This is something that we had put off and put off and put off. The pictures show pretty plainly just how much we procrastinated and dreaded rebuilding this bridge. But in the end it was either rebuild it, or pay for the mailman’s broken leg when he eventually fell through the rotten boards!
I’m actually pretty late in posting this. This was our big summer project, or rather it was Peer’s project, I didn’t do much other than take pictures and cook. This project took several weeks to complete. I can’t even begin to tell you how much work this was, and the fact that it was done with ordinary hand tools certainly added to the time and difficulty. But it’s done now and hopefully it will hold out at least for the rest of our lifetime.
Peer spent a few days tearing the old bridge down using mainly hammers, screwdrivers and a crowbar. One part of this that he couldn’t do alone was place the new beams. They were about 30ft long and really heavy. He had his dad and some friends come over and they helped him move the beams and set them in place. They spent the rest of the day nailing the floorboards on.
The next thing he had to do was dig holes for the support beams, place them and secure them in concrete.
There are 4 of these beams supporting the bridge.
The porch flooring was also in pretty bad shape so he had to replace it too. After ripping some of the boards away he discovered that the beams were rotten and that the people who built the house had filled the spaces between the beams with some sort of homemade mixture that is similar to concrete. The house was built right after World War ll by polish immigrants…they didn’t have much money at all so they used lots of creative, homemade solutions like this. Speaking of creative solutions, I remember well when we moved in that the floor of our attic was completely covered with a good 6″ of packed sawdust…they were using it for insulation…shoveling that stuff out was a nightmare! I think this concrete was also mainly made with sawdust. Anyway, this stuff was 6″ thick and needed to be knocked out so Peer could replace the rotten beams.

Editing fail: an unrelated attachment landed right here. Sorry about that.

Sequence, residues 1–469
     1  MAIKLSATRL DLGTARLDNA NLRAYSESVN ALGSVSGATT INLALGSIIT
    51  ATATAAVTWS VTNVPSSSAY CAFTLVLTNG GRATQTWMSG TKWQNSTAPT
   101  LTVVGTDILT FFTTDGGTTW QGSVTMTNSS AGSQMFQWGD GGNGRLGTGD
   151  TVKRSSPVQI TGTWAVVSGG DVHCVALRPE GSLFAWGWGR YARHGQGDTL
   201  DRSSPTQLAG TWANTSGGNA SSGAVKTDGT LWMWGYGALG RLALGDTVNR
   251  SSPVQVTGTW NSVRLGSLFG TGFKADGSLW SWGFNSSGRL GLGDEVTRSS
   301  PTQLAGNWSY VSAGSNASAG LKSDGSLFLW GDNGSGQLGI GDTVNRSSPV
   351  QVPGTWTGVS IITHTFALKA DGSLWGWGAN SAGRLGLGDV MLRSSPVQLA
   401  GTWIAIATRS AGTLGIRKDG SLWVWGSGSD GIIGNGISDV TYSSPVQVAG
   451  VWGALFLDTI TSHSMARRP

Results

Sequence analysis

This shows the new beams. All the concrete is gone, the beams are in place and he’s started putting the new floorboards. You can see our firewood underneath the porch. That’s where we store it.
The new floorboards.
Yeah! The finished porch floor. After the floor was done, he coated it with flaxseed oil to help protect it.
These are the slats for the railing. He painted them with flaxseed oil and they are drying.
The railing going up…